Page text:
New legislation in India causes farmer protests over corporate privatization

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Photo: Courtesy of Mariyam Quaisar

The unwavering patriarchy in India is deeply rooted in the history of the country, and it starts with the Indian family dynamic. The husband and father is the head of a household, making sons the desired offspring, while daughters can be seen as a burden..

By Mariyam Quaisar, Living Arts Editor

Since Aug. 2020, farmers in India are protesting new laws passed by Prime Minister Narendra Modi that significantly lessen government regulation around sale, pricing and storage of produce. Three bills were passed on Sep. 14, 2020 by the Bharatiya Janata Party (BJP), the governing political party of India. 

BJP is India’s Republican Party, India’s Modi plays the role of America’s Trump and the Hindu nationalists are equivalent to white supremacists. The news of protests in India was barely published due to the heavy corruption that lies within the Indian government to shut down important stories such as this one. 

The first bill, the Farmers’ Produce Trade and Commerce (Promotion and Facilitation Bill, 2020), is the most controversial of the three. It relaxes rules on the purchase and sale of farm produce, allowing private entities—any establishment that is not a part of the government—to purchase agricultural produce as they please and not requiring buyers to have licenses.

The lack of government regulation will allow private investors to do as they please, which terrifies the farmers. While the government thinks the new bills will bring growth and “unshackle farmers,” farmers fear that the removal of already insufficient state protections will leave them at the mercy of greedy corporations. With government support, there were previously guaranteed minimum prices for certain essential crops like wheat, sugarcane, rice and millets, which helped India move past the hunger crisis of the 1960s. 

The second bill, the Essential Commodities (Amendment) Bill, 2020, relaxes rules on stocking under the Essential Commodities Act of 1955. A new subsection was introduced to amend the act so certain foods—cereals, pulses, oilseeds, edible oils, onions, potatoes—can only be regulated by the government under extreme circumstances, like war and famine. Thus, there will be no control of production, supply and distribution of these foods unless one of the mentioned circumstances occurs.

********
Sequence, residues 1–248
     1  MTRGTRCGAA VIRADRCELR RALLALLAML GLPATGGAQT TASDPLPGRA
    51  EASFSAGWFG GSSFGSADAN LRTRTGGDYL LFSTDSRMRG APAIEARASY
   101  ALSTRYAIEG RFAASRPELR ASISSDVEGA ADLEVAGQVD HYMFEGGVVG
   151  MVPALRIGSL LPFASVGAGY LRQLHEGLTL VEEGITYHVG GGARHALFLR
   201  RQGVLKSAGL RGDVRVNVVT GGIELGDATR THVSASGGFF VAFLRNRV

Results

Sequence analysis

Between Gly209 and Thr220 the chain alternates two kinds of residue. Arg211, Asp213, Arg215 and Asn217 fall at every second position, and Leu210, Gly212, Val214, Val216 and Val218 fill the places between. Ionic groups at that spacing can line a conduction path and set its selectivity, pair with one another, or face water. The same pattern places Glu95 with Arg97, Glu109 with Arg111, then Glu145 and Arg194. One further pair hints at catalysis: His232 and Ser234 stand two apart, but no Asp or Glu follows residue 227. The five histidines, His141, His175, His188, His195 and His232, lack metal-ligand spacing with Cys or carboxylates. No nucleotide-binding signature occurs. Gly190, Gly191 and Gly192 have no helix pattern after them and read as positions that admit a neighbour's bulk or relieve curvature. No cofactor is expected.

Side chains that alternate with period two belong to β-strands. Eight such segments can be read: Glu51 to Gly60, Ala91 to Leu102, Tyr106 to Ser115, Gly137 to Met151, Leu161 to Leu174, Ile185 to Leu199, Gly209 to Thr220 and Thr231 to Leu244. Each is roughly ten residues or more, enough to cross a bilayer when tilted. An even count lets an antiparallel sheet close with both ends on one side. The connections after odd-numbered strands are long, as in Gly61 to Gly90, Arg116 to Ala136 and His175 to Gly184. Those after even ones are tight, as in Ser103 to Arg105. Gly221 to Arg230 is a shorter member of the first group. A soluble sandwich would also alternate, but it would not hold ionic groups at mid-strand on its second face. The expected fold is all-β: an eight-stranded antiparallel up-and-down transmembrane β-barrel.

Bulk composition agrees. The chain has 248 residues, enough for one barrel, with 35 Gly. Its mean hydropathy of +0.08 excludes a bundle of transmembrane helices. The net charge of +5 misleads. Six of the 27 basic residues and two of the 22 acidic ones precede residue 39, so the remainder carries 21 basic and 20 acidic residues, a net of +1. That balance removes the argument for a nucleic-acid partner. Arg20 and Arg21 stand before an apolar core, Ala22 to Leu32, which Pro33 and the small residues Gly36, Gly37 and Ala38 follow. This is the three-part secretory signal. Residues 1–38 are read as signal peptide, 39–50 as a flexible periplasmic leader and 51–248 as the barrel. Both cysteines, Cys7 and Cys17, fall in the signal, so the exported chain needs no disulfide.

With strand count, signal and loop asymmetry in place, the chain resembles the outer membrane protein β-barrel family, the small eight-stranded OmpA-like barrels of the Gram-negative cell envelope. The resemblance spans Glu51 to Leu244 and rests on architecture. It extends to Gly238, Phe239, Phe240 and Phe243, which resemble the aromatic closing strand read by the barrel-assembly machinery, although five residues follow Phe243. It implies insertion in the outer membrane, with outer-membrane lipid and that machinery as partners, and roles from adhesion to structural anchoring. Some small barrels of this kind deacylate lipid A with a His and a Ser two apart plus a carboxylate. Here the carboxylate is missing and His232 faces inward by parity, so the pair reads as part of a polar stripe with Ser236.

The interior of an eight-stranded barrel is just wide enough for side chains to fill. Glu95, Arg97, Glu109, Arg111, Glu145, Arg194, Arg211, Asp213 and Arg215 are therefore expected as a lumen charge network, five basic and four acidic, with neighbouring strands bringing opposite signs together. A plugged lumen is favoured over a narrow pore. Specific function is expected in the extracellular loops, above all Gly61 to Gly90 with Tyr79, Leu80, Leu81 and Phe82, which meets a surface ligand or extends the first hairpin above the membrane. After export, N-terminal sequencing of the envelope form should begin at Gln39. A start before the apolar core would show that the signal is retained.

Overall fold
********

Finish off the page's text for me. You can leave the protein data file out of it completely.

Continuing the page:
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Finally, the third bill, the Farmers (Empowerment and Protection) Agreement on Price Assurance and Farm Services Bill, 2020, brings forth legislation to allow contract farming, which involves agricultural production based on an agreement between a buyer and farmers, through written agreements with minimal obligations and no mandates by the government. 

Big corporations will have no legal obligation to pay the once guaranteed price, and farmers already struggle with those prices enforced. The bills will favor large corporate farms, devastating the earnings of many independent farmers, especially those who only have small pieces of land. According to Associated Press, 68% of Indian farmers are smallholders who own less than 1 hectare (2.5 acres) of land, and in some states, those farming families earn an average of only 20,000 rupees a year, which roughly accounts to $271 annually. 

Farmers are concerned that the new bills will lead to the end of wholesale markets (“mandis”) and assured prices, giving them no backup option to sell. In other words, even if a private buyer isn’t giving good prices for products, farmers will have to accept them because there could be no other place for them to sell. 

“First, farmers will feel attracted towards these private players, who will offer a better price for the produce. The government mandis will pack up meanwhile and after a few years, these players will start exploiting the farmers. That’s what we fear,” Multan Singh Rana, a farmer in the northern state of Punjab, told BBC Punjabi in September.

Protests are heavy in Punjab and Haryana, where the “mandi system” is heavily prevalent. Farmers have been camped out in front of New Delhi, the capital of India, since the beginning of December 2020. They have left their families and sit out in the cold to fight for their basic workers’ rights.